A PROMISE TO PROTECT
by Liz Johnson
Published by Love Inspired Suspense
ABOUT THE BOOK
Navy SEAL Matt Waterstone knows about keeping people safe. When his best friend’s sister is attacked, Matt promises no harm will come to Ashley Sawyer–not on his watch. But Matt’s not the only protective one. Ashley will do anything to safeguard the residents of the battered women’s shelter she runs. She’s sure she can handle the threats she gets in return. What she can’t handle is the way Matt scales the walls around her heart. Yet when she falls prey to a crime web more sinister than she’d realized, trusting Matt could be the only way to survive.
Readers, buy your copy of A Promise to Protect today!
AND NOW A WORD FROM OUR FEATURE AUTHOR
Characters in the Flesh by Liz Johnson
There I was, minding my own business, running—well, actually, strolling—on the treadmill at the Y when I glanced at the teenage kid running on the treadmill next to mine. I gasped. My toe caught on the track. And I nearly flew backward. A firm grip on the handrails was the only thing that kept me upright.
What surprised me so much that I nearly biffed on the treadmill in front of a room of would-be-athletes?
I’d just laid eyes on the character from the book I was reading. There, right next to me, was twelve-year-old Morris from Allison Pittman’s Stealing Home. An African-American baseball prodigy from 1905—albeit in modern gym attire and sneakers—was pumping his arms and legs like he’d just leaped from the pages of the book I was reading into my world.
Running into characters in real life. It’s a hazard fiction readers—and writers—take.
For writers, sometimes that real face to go along with a name comes before the character isn’t much more than a name. That is not how it was for me with Matt Waterstone, the hero in my newest book, A Promise to Protect. Matt had a name and an occupation. He’s a U.S. Navy SEAL. He even had a best friend—Tristan. But I couldn’t find a face for him.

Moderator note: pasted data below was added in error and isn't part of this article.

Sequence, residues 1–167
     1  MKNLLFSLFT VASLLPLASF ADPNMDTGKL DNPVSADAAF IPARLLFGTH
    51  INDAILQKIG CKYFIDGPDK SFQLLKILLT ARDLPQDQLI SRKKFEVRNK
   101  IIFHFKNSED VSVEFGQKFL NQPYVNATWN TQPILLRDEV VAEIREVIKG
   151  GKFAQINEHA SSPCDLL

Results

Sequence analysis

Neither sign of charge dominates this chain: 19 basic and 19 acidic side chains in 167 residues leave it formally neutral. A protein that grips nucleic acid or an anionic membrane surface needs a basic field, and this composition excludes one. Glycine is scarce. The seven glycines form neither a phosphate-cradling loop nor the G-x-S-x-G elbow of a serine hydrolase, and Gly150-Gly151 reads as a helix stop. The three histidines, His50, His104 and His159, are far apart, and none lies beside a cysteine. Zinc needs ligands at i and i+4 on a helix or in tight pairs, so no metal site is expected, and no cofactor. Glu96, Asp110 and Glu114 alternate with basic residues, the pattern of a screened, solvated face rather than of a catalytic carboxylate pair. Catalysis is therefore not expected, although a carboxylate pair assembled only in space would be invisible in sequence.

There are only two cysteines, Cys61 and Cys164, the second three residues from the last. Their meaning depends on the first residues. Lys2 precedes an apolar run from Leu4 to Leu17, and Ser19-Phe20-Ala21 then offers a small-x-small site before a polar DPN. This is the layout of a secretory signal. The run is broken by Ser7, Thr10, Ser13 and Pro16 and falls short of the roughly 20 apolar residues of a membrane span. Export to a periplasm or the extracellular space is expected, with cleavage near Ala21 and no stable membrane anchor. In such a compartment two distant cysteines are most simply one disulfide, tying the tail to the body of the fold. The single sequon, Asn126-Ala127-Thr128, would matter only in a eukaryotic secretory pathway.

I’m often guilty of making a SEAL in my mind look more Rambo than regular guy. More Stallone than standard. But the truth is that most SEALs fall into a “normal” appearance. They have to be able to blend into a crowd, have to be able to move without notice. Their training, strength, and endurance set SEALs apart. But you might not be able to pick those traits out just by looking at them.
I’ve seen Matt Wertz perform live, and while he’s a wonderful artist, sometimes he grins and moves the very opposite of any SEAL I’ve ever imagined, all gangly limbs and adorable dance moves. But sometimes—every now and then—he smiles that lopsided smirk and he transforms into the Matt of my book, into my Matt.
It’s the risk of loving fiction. Seeing a character in person. It’s also one of the great rewards. For me, it adds another—a special—dimension to a story that I clearly loved so much.
Reader Question: Have you ever seen a character in the flesh? Who was it, and what did you do? Here’s hoping you managed to stay on your feet better than I did when I saw Morris on the treadmill.
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Thank you, Liz, for sharing with us today.
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